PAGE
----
Published August 04, 2011
The Carolina Hurricanes system includes three members of the Sutter family. Brandon Sutter, the 11th pick of the 2007 Draft, played a full season with the team last year. Cousin Brett Sutter played most of the season with the Charlotte Checkers of the AHL, but did play five games in the NHL between Carolina and Calgary. Carolina drafted another cousin, Brody, in the seventh round of the 2011 Draft.
In his first summer as Calgary Flames General Manager, Jay Feaster faced a conundrum.
The Flames have missed the Stanley Cup Playoffs in back-to-back seasons and Feaster could do one of two things to change his team's outlook for 2011-12 -- unload some of the team's aging but talented assets and rebuild from scratch, or do a little bit of tinkering and hope the veteran core clicks for a push to the postseason.
Feaster chose the latter, and Flames fans are hoping that commitment to the core will pay dividends.
Entering the summer, Calgary had most of its salary-cap room accounted for, along with 10 players with some version of a no-trade or no-movement clause.
Feaster gave the team a little financial flexibility by trading defenseman Robyn Regehr and forward Ales Kotalik to the Buffalo Sabres for up-and-comer defenseman Chris Butler and young center Paul Byron.
Add that to a roster that includes 34-year-old captain Jarome Iginla -- coming off 43 goals in 2010-11, the third-highest goal total in his illustrious NHL career -- veterans Olli Jokinen, Jay Bouwmeester and work-horse goaltender Miikka Kiprusoff, and the Flames believe they have a roster that's seasoned -- and ready to make a run at the Stanley Cup.
The Flames sent Regeher and Kotalik East to Buffalo in a late-June trade.
While Regeher enjoyed a successful career in Calgary -- recording a positive plus/minus rating in each of his past seven seasons -- his cap hit of $4 million was just too much.
Kotalik, meanwhile, never found his groove in Calgary. The 32-year-old right wing appeared in only 26 games this past season for the Flames, splitting time with their American Hockey League affiliate, the Abbotsford Heat.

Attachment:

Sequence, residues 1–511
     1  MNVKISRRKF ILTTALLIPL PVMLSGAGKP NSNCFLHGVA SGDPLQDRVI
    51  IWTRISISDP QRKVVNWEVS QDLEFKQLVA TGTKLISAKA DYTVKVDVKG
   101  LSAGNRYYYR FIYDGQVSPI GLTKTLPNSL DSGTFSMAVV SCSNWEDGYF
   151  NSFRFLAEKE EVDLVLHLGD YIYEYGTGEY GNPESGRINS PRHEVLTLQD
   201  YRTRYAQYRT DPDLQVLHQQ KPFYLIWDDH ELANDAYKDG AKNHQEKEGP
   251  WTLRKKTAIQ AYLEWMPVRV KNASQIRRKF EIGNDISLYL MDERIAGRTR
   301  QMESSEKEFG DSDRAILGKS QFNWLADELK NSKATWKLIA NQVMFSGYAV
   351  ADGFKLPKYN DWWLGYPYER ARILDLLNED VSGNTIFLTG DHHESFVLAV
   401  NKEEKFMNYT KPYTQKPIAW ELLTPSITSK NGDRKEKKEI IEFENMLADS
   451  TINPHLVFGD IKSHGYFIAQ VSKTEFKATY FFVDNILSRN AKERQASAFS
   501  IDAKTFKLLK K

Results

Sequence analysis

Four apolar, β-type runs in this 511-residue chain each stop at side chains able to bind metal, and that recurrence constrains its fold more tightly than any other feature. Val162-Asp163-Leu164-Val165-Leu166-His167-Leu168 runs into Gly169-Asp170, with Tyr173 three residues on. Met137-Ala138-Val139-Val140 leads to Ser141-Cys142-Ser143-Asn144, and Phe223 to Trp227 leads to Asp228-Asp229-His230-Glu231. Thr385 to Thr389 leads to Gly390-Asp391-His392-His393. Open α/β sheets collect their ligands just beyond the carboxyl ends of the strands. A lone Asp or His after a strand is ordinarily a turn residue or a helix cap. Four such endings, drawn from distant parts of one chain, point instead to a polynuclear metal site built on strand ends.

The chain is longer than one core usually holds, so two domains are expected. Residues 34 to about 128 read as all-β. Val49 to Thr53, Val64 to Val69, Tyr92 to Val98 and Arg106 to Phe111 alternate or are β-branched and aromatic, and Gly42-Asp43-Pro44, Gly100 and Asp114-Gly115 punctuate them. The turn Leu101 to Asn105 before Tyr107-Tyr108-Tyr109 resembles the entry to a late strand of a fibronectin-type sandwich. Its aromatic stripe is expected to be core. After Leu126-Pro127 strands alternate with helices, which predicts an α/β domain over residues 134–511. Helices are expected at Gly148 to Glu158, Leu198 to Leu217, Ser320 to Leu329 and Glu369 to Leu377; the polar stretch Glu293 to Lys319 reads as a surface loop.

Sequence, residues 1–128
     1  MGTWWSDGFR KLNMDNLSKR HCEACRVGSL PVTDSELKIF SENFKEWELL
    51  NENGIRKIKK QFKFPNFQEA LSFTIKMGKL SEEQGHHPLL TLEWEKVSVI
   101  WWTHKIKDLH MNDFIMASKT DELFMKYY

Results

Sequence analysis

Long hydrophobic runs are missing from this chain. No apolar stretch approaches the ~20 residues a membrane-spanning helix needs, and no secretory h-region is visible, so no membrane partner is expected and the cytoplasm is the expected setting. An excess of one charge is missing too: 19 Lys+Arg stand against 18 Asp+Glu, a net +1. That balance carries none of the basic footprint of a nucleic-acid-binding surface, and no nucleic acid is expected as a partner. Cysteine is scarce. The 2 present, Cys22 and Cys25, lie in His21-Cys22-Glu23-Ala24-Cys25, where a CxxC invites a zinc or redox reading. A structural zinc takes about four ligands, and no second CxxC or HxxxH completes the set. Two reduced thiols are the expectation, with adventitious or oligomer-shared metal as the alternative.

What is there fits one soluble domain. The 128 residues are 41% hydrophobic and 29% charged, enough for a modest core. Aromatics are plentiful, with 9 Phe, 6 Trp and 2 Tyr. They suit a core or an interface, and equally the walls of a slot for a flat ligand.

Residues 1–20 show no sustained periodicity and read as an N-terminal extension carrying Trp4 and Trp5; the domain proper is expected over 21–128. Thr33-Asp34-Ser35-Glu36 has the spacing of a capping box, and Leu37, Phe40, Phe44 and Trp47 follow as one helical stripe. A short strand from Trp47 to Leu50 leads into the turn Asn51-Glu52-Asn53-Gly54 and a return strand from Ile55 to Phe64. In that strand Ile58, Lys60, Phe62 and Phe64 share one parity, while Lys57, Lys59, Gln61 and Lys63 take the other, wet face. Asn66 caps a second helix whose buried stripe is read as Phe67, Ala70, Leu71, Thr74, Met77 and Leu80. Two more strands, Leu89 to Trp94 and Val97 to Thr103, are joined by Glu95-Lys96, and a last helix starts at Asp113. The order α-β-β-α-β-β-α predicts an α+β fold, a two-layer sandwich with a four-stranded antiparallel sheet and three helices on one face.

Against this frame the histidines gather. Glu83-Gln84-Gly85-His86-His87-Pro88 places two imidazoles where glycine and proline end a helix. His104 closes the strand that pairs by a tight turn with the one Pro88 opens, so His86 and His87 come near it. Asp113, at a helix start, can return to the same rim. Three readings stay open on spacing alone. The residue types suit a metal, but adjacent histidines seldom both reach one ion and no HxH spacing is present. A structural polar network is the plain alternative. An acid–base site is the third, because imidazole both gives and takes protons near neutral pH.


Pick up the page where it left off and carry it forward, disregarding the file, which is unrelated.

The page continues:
Pardy, who signed a two-year, $4-million deal with Dallas, missed 52 games last season due to a shoulder injury. He'll be missed as the Flames were 17-8-5 when he was in the lineup last season.
Staios, who played for five different teams during his 13-year NHL career, also was hampered by injuries last season, appearing in 39 games.
Although he never appeared in a game for Calgary, another big departure this summer was Tim Erixon, perhaps the club's most-promising prospect. Erixon, the No. 23 pick of the 2009 Entry Draft, is a talented, swift-skating defenseman. However, he couldn't work out a deal with the Flames, and rather than watch him re-enter the 2011 draft and chance losing him for nothing, the Flames traded him to the New York Rangers for a prospect and a pair of draft picks.
A stay-at-home defenseman, Butler had 5 goals and 31 assists in his past three seasons with Buffalo. Feaster said the team is projecting Butler as a No. 5 defenseman, but the general manager could see him cracking the top four.
The 22-year-old Byron has eight games of NHL experience, but spent the majority of the past two seasons with the Sabres' AHL affiliate, tallying 40 goals and 46 assists in 124 games.
The Flames also acquired physical forward Pierre-Luc Letourneau-Leblond from New Jersey in exchange for a fifth-round pick in the 2012 Entry Draft.
Three of the Flames' top five goal scorers this past season were older than 30, and Kiprusoff will turn 35 in October.
If the Flames are going to win with their current crop of players, it better be soon.
The group as currently assembled has talent, as evidenced last season.
Curtis Glencross and Rene Bourque each established career-highs in goals in 2010-11. Tanguay's 69 points marked his most productive output since 2006-07. And after scoring only 2 goals in his first 15 games, Iginla's 43 goals were third in the League.
All of that certainly is promising, but didn't equate to team success as the Flames finished 10th in the Western Conference.
Virtually the same roster returns for the 2011-12 season. So can the Flames finally catch fire and rekindle any realistic playoff hopes?
That's the burning question throughout Calgary.
If this team -- with its minor alterations -- can't step it up a notch, the answer may not be the one Flames fans want to hear.